Examples:

  • The closure of ports, restrictions on travel, and government-imposed “lockdowns” or “stay-at-home” orders due to the prevention of COVID-19 coulde render the contract impossible because of specific government regulations. This defense also arises during times of worldwide disruption.
  • The defense of commercial impracticability remains viable under New York law, and is codified in New York’s Uniform Commercial Code. In one federal case in New York, a vessel owner was excused from performing under a charter from a vessel that suffered a collision because the cost of the rehabilitation necessary to continue to perform under the character party exceeded the fair market value of the vessel.
  • Where COVID-19 and related acts of government have not rendered performance impossible under New York law, a party may still be excused from performing if the purpose of the agreement has been frustrated. An agreement’s purpose has been “frustrated” if an event has materially affected the consideration received by the party for performances or obviated the purpose of the agreement.

In summary, here are some practical considerations when you draft and/or analyze your contract and how to deal with certain COVID-19-related issues:

  • First, check your contract to identify if it includes a force majeure clause. If it does, you should consider whether the event in question may qualify as a force majeure, e., an unforeseeable circumstance that prevents one party from fulfilling the contract under its terms;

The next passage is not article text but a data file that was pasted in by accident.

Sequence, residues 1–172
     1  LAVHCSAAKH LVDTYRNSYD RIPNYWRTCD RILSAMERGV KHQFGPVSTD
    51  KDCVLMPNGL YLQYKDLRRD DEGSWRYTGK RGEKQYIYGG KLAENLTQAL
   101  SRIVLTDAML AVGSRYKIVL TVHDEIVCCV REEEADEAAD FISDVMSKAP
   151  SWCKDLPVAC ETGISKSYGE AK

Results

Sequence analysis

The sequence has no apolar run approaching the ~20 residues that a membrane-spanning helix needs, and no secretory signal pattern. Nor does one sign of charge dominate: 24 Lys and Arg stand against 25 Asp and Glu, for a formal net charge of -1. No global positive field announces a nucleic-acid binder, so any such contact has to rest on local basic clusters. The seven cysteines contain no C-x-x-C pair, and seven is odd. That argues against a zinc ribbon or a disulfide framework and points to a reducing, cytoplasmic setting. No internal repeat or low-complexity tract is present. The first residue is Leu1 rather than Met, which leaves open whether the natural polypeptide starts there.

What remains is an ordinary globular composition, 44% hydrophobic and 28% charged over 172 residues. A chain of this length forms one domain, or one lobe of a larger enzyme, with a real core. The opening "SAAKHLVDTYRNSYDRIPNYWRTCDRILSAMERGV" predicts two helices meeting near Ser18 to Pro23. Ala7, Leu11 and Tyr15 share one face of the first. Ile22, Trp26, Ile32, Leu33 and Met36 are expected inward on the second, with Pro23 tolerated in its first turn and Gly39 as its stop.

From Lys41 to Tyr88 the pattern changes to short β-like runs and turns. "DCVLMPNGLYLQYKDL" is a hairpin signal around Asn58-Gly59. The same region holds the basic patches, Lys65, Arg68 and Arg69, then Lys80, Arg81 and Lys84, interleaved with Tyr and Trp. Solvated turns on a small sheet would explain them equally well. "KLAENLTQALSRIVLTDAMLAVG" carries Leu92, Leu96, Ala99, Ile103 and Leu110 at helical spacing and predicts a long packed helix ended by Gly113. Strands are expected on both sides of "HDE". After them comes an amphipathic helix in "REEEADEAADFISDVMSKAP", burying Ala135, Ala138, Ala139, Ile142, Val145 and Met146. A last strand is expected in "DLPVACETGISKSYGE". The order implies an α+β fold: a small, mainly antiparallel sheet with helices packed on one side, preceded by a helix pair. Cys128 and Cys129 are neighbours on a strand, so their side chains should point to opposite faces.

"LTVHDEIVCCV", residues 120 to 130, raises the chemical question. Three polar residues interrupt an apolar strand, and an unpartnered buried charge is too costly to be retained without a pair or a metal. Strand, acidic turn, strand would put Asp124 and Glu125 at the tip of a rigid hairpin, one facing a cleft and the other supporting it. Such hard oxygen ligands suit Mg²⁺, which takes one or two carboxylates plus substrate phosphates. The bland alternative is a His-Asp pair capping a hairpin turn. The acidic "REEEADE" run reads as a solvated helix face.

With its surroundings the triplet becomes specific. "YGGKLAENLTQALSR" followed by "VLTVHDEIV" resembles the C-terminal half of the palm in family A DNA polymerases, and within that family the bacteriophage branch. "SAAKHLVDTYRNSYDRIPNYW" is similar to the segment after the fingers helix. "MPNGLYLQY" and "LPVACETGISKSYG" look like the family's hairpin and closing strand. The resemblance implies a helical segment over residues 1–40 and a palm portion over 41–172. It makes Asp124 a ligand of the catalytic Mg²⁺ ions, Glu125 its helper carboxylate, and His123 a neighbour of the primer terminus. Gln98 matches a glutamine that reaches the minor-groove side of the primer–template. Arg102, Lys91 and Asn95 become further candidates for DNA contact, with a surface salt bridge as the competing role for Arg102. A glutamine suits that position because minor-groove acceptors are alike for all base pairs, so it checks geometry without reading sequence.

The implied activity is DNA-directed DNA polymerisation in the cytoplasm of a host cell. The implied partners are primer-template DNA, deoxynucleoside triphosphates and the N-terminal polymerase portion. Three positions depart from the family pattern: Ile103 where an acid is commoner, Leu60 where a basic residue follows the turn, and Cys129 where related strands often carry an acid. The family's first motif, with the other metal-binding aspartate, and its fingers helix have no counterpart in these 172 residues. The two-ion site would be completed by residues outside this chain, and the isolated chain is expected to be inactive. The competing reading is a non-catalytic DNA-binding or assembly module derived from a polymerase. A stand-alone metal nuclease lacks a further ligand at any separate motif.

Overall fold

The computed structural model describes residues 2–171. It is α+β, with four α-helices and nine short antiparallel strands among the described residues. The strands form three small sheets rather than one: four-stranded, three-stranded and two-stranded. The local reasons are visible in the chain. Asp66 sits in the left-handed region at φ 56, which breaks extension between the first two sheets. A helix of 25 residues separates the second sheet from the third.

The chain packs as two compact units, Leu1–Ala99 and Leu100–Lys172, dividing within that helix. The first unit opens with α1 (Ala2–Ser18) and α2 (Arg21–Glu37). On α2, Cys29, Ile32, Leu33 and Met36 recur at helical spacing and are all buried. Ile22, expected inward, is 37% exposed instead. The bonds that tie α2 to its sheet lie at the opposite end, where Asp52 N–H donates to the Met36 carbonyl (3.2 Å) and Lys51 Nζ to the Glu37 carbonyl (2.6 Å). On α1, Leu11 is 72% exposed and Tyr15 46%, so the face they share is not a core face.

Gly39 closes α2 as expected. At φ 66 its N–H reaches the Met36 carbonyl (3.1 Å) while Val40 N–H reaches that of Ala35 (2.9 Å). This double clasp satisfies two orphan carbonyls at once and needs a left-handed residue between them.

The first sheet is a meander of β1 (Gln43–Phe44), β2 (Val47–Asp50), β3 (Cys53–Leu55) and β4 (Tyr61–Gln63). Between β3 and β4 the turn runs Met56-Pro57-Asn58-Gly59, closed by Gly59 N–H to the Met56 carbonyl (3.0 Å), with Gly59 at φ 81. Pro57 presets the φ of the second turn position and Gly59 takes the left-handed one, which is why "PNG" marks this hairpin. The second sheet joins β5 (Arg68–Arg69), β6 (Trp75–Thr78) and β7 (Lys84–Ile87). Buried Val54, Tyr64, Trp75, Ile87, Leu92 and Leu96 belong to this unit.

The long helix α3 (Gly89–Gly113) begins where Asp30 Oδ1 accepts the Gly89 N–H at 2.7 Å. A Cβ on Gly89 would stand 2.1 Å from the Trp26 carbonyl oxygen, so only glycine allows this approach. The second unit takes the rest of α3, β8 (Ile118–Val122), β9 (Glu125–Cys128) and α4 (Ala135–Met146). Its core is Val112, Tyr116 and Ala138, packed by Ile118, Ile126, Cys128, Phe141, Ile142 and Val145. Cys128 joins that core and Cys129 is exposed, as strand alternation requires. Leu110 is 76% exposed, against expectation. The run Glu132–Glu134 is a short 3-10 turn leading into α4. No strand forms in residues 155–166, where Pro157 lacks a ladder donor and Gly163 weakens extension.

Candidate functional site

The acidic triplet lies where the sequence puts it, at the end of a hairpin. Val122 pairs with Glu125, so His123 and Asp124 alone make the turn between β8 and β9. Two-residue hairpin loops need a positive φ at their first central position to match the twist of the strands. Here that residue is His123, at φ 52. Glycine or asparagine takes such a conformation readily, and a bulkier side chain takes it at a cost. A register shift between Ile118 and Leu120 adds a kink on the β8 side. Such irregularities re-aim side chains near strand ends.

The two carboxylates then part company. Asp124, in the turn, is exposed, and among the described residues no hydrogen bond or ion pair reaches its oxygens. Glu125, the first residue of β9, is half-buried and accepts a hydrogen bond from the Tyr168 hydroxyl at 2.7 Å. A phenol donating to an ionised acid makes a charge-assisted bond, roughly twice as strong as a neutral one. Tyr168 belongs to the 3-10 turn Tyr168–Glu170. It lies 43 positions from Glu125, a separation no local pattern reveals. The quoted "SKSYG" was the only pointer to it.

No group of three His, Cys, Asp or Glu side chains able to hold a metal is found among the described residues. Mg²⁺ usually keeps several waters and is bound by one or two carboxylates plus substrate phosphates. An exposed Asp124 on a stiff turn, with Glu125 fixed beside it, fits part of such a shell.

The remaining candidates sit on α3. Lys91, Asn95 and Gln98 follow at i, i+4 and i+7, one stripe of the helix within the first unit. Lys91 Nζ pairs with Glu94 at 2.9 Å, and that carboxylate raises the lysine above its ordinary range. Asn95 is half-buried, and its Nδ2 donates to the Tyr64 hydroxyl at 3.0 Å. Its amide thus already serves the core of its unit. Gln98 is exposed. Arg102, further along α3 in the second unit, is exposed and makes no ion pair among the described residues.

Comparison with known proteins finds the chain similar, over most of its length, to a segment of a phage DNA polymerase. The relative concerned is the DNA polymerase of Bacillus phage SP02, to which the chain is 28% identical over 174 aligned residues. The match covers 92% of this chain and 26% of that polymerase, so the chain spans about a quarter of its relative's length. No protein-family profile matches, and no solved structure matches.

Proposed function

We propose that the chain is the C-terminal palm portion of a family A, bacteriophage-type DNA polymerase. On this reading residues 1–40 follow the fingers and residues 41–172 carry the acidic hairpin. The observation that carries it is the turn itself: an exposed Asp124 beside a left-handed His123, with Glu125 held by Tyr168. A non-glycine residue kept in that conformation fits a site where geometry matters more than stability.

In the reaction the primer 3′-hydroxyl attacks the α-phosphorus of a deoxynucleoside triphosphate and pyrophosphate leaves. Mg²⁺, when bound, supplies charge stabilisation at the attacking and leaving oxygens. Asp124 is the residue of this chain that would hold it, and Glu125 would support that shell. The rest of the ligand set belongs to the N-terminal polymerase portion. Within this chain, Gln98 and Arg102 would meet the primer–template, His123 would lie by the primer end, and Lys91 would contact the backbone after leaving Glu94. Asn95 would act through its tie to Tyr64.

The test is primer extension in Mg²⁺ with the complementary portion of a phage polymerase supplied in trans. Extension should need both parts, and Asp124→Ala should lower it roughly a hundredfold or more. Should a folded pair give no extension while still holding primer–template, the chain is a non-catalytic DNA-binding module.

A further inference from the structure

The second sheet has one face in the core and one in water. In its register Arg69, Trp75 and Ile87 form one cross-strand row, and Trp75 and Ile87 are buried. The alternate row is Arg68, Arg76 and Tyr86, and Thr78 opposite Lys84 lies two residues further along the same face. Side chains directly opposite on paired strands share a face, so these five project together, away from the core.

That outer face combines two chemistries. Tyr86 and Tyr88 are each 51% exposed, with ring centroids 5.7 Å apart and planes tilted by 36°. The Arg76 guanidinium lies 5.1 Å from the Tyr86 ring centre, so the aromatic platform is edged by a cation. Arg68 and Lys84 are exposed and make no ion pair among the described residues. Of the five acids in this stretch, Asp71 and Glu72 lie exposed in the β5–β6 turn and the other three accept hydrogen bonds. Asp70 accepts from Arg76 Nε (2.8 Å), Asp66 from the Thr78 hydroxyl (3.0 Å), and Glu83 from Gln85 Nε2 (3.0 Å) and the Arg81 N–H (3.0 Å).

• Second, check whether the risk of nonperformance was foreseeable and able to be mitigated or whether the performance was truly impossible, and
  • Third, if the performance is affected or would be affected as a result of the pandemic, communicate with your counterparty as early as possible to manage their expectations and, where possible, negotiate an amicable solution.

Finally, here is a broader version of a force majeure clause covering COVID-19; you should seek legal advice in your area.

“Neither Party will be liable for any failure or delay in performing an obligation under this Agreement that is due to any of the following causes, to the extent beyond its reasonable control: acts of God, accident, riots, war, terrorist act, epidemic, pandemic, quarantine, civil commotion, breakdown of communication facilities, breakdown of web host, breakdown of internet service provider, natural catastrophes, governmental acts or omissions, changes in laws or regulations, national strikes, fire, explosion, generalized lack of availability of raw materials or energy (“Force Majeure Occurence”). Notwithstanding the foregoing, if Artist’s performance is prevented by a Force Majeure Occurrence, but Artist is present, ready, willing and able to render its services in accordance with the terms hereof, the Purchaser shall reimburse any and all reasonable, bona fide, and documented out-of-pocket expenses incurred by Artist in connection with the Engagement.